NASA last week gave Oceaneering International Inc. of Houston a contract worth up to $745.9 million to design, develop and produce a new spacesuit for orbital and lunar operations.

Subcontractors are Air-Lock Inc. of Milford, Conn., David Clark Co. of Worcester, Mass., Cimarron Software Services Inc. of Houston, Harris Corp. of Palm Bay, Fla., Honeywell [HON, Paragon Space Development Corp. of Tucson, Ariz., and United Space Alliance of Houston. USA is a joint venture of Boeing [BA] and Lockheed Martin [LMT].

NASA is planning to return to the moon about 2020, which may be after Chinese taikonauts already have landed there. By then, India and Japan also may have manned lunar missions.

That NASA spacesuit contract is divided into three high-dollar amounts.

First, the cost-plus-award-fee spacesuit contract includes a basic performance period from this month to September 2014, worth $183.8 million. During the performance period, Oceaneering and its subcontractors will design, develop, test, and evaluate work, and will make, assemble and execute the first flight of suit components needed for astronauts aboard the Orion crew exploration vehicle, the next-generation U.S. spaceship. The basic contract also includes initial work on the suit design needed for the lunar surface.

Then there are two options that could more than quadruple the total contract amount.

In Option 1, Oceaneering will design, develop, test and evaluate suit components for lunar activities. This option runs from October 2010 through September 2018, under a cost- plus-award fee structure with a total value of $302.1 million.

In Option 2, the company will produce, process and sustain engineering under a cost-plus-award fee or a firm-fixed-price, indefinite-delivery, indefinite-quantity contract structure with a maximum value of $260 million, depending on hardware requirements. Option 2 would begin at the end of the basic performance period in October 2014, and would continue through September 2018.

The spacesuit development contract is tailored around NASA spaceship capabilities, or lack thereof.

From October 2010, when the space shuttle fleet has been ordered to retire, to March 2015, NASA will have no manned space capability, and instead will have to hitch-hike, getting rides for U.S. astronauts on Russian Soyuz space vehicles or, less likely, on commercial spaceships to be developed by U.S. companies.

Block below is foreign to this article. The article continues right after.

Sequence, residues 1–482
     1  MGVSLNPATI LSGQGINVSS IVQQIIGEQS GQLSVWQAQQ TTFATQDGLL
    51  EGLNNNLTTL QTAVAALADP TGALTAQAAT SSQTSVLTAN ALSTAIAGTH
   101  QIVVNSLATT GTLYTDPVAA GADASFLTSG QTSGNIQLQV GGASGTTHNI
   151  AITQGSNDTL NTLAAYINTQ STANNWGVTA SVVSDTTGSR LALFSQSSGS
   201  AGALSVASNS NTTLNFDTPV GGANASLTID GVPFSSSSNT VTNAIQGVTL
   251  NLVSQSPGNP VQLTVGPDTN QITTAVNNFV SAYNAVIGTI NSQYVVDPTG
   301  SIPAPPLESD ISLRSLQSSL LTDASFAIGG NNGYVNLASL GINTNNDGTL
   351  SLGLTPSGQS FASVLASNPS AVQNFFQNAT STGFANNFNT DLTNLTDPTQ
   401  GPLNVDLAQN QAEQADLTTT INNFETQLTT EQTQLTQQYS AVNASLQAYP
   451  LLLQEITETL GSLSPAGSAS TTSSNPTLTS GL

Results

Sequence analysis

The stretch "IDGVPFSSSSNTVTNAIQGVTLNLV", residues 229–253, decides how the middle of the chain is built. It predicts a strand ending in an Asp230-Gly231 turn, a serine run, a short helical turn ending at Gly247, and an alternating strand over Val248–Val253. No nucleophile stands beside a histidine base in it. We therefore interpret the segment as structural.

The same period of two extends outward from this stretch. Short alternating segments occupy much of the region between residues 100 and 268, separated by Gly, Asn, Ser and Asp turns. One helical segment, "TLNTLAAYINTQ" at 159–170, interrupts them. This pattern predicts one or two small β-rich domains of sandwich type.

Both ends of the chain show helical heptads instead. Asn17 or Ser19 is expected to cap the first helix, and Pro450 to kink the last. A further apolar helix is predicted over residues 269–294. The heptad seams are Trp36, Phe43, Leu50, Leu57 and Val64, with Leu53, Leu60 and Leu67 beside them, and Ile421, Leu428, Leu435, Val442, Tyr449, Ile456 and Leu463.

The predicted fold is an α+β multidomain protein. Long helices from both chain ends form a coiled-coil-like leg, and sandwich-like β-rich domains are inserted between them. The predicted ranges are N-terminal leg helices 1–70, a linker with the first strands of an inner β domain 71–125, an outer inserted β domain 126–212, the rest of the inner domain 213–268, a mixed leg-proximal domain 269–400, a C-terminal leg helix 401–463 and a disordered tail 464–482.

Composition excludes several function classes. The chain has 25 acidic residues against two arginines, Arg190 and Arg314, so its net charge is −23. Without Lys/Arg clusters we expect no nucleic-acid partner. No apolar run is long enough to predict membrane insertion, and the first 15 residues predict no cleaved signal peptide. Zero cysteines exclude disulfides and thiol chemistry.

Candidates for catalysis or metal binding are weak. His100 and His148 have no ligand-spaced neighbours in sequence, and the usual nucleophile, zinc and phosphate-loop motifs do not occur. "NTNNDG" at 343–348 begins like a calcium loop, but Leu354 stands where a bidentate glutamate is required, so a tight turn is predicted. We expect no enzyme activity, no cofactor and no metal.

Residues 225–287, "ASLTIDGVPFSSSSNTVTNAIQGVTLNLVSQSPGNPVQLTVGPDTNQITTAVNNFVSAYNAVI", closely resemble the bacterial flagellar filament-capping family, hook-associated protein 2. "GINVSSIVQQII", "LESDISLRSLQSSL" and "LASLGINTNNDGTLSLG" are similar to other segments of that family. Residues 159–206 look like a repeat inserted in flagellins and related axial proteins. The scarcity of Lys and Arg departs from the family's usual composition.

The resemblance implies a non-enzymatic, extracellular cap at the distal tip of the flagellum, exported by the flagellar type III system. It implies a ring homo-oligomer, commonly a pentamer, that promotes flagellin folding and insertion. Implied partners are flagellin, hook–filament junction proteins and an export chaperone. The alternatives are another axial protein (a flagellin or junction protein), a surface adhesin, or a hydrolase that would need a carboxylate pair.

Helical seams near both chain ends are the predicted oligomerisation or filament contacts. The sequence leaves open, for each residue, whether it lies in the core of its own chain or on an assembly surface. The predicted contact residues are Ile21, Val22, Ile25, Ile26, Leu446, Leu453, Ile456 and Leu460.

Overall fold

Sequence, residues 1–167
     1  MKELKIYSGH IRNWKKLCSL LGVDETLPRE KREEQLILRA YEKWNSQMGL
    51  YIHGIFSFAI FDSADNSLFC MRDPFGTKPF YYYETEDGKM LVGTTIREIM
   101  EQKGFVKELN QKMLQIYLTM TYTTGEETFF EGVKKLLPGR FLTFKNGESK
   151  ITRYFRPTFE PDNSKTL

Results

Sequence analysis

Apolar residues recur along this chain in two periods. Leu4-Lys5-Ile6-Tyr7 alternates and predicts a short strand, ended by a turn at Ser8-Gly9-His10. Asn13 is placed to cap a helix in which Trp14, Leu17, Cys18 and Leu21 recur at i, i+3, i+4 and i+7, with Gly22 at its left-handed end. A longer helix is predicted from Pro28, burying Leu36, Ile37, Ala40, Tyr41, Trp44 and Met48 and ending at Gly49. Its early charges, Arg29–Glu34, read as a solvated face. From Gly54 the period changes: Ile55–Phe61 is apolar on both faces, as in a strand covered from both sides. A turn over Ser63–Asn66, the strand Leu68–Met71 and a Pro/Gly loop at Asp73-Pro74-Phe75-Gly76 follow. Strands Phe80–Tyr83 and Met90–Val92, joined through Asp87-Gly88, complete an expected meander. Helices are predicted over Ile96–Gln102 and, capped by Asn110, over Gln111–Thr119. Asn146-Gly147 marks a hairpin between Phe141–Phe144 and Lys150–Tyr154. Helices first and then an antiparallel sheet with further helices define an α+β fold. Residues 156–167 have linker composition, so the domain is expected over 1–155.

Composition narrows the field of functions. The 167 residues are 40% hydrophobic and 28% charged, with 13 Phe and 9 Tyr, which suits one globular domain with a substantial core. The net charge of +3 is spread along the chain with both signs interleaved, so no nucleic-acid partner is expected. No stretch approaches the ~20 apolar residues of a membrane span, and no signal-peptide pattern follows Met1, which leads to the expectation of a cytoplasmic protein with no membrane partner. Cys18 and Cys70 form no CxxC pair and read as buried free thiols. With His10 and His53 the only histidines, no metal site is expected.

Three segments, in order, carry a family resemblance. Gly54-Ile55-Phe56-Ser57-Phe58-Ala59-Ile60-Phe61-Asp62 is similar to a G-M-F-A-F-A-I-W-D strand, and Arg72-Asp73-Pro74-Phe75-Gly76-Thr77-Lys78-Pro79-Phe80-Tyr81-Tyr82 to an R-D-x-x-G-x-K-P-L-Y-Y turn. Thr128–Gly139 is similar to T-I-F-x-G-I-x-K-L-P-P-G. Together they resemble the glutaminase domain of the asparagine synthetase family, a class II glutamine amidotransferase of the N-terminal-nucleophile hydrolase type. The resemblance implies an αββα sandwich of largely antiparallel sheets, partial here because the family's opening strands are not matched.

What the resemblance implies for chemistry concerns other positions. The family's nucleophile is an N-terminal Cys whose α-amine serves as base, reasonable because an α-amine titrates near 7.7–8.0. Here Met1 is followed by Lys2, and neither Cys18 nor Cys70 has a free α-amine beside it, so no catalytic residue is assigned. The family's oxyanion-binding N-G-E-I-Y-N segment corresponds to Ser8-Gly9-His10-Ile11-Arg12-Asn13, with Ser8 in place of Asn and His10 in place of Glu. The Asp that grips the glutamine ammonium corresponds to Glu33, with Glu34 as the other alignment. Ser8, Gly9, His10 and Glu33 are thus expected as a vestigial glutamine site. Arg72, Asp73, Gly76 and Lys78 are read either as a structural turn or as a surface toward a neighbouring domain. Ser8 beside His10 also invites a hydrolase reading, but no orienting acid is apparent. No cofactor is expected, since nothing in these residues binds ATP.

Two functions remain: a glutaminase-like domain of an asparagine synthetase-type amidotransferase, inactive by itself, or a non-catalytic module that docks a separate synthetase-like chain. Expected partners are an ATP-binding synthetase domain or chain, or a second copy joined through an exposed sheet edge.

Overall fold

From 2015 onward, NASA will use the next-generation U.S. manned spaceship, Orion, which would be lifted into orbit by the Ares rocket. Lockheed is developing Orion, while different parts of the rocket involve companies including Boeing, Alliant Techsystems Inc. [ATK] and Pratt & Whitney Rocketdyne, a unit of United Technologies [UTX].

The first of the new suits would be ready for the initial Orion manned flights in 2015.

“The award of the spacesuit contract completes the spaceflight hardware requirements for the Constellation Program’s first human flight in 2015,” said Jeff Hanley, Constellation program manager at NASA’s Johnson Space Center in Houston. Contracts for the Orion crew capsule and the Ares I rocket were awarded during the past two years.

“I am excited about the new partnership between NASA and Oceaneering,” said Glenn Lutz, project manager for the spacesuit system at Johnson. “Now it is time for our spacesuit team to begin the journey together that ultimately will put new sets of boot prints on the moon.”

There will be two versions of the new suit, including one specifically created for moonwalking. People on the lunar surface will weigh something, though just 1/16th of what they weigh on Earth. The lunar spacesuit version therefore will be more flexible than the current spacesuits that are designed for floating in the near-zero-gravity of orbital space, such as during spacewalks to assemble the International Space Station.

Suits and support systems will be needed for as many as four astronauts on moon voyages and as many as six space station travelers. For short trips to the moon, the suit design will support a week’s worth of moon walks. The system also must be designed to support a significant number of moon walks during potential six-month lunar outpost expeditions. In addition, the spacesuit and support systems will provide contingency spacewalk capability and protection against the launch and landing environment, such as spacecraft cabin leaks.